A new report by the Textile Exchange shows, the market share of preferred fibers and materials grew significantly in 2020. As per the report, ‘the Preferred Fiber and Materials Market Report 2021,’ the share of preferred cotton increased from 24 to 30 per cent while that of recycled polyester increased from 13.7 to 14.7 per cent. The share of preferred cashmere increased from 0.8 to 7 per cent while market of responsible Mohair Standard certified fiber expanded from 0 to 27 per cent. FSC and/or PEFC certified MMCFs share increased to approximately 55-60 per cent while the share of recycled MMCFs declined to 0.4 per cent.
Quantitative data on leading organizations
A unique annual publication on global fiber and materials production, availability, and trends, the report includes quantitative data, industry updates, trend analysis of leading companies and organizations. It reflects the increase in brands’ use of preferred fibers and materials in 2020 with 75 per cent increase in number of the certified facilities, out of the total 30.000 facilities.
The standards these facilities certified to included Global Recycled Standard (GRS), Organic Content Standard (OCS), Recycled Claim Standard (RCS), Content Claim Standard (CCS), Responsible Down Standard (RDS), and Responsible Wool Standard (RWS) among others.
Miniscule portion of global market
Despite an increase in certifications, preferred fibers still represent less than one-fifth of the global fiber market. In 2020, companies produced 109 million tonne of fibers in 2020, almost double its production of 58 million tonne in 2000. Their production is expected to rise 34 per cent to 146 million tonne in 2030.
However, to achieve this, the industry needs to rebuild its business to the pre-pandemic levels. It needs to adopt more sustainable practices, and reduce the consumption of conventional fibers and materials, opines La Rhea Pepper, Founder and CEO, Textile Exchange.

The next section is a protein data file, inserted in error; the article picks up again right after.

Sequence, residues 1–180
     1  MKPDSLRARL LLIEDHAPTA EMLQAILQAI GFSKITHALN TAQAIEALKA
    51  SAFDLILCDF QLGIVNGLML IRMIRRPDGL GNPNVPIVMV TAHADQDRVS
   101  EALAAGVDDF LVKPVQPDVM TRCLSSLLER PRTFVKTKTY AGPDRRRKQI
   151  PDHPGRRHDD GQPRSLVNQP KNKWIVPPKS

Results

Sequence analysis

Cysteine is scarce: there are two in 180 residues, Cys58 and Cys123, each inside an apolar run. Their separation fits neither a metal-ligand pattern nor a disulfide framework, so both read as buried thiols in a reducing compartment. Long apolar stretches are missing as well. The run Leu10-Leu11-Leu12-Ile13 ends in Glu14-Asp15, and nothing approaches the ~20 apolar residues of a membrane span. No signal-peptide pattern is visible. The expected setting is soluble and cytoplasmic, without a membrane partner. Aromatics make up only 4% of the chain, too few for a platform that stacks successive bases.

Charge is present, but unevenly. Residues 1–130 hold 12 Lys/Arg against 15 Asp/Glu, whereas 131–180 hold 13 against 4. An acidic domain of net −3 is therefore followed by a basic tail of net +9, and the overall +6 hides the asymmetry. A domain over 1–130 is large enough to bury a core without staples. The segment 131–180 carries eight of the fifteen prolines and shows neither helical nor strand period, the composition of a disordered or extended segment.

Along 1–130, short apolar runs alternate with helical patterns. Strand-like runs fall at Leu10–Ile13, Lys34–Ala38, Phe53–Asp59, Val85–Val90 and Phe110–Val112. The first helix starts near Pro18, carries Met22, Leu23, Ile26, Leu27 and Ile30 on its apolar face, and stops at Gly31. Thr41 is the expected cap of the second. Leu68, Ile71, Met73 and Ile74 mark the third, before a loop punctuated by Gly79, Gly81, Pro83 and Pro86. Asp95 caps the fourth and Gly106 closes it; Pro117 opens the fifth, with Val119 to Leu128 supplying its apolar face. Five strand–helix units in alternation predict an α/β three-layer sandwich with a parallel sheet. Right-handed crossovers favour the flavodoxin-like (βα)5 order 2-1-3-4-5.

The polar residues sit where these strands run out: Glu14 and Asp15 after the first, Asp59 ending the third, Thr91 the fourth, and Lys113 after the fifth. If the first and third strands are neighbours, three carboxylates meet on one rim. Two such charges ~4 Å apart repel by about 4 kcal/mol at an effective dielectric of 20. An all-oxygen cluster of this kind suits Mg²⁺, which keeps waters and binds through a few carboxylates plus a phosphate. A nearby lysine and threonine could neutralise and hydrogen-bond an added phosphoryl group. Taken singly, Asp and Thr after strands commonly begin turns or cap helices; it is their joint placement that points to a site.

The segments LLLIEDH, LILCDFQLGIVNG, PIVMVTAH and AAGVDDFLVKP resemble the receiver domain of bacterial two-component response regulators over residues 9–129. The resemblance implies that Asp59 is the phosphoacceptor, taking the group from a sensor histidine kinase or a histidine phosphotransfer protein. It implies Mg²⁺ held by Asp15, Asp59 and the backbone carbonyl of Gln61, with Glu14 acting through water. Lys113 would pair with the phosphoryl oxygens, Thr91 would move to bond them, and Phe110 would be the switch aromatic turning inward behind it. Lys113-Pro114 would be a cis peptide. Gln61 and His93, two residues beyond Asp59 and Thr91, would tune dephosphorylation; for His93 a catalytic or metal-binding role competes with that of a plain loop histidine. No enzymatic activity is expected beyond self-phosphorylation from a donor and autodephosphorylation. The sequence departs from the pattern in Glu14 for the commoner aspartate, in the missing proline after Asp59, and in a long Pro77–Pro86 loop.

Shifting to more energy-efficient model
Textile Exchange’s Climate+ strategy urges the industry to reduce greenhouse gas emissions in the pre-spinning phase by 45 percent by 2030. The industry needs to shift to a renewable energy model and adopt more regenerative practices, says Liesl Truscott, Corporate Benchmarking Director, Textile Exchange.
Textile Exchange urges apparel companies to commit the 2025 Sustainable Cotton Challenges that encourages companies to source all their required cotton from most sustainable sources by 2025. It also endorses the 2025 Recycled Polyester Challenge that urges brands to increase the use of recycled polyester in their collections from 14 to 45 percent respectively, by 2025.
The non-profit organization encourages brands, retailers, manufacturers, and suppliers to track their progress by participating in both the annual Material Change Index (MCI) survey and the 2021 Textile Sustainability Conference in Dublin, from November 15-19 alongwith the concurrent preferred fiber and materials Round Tables Summit.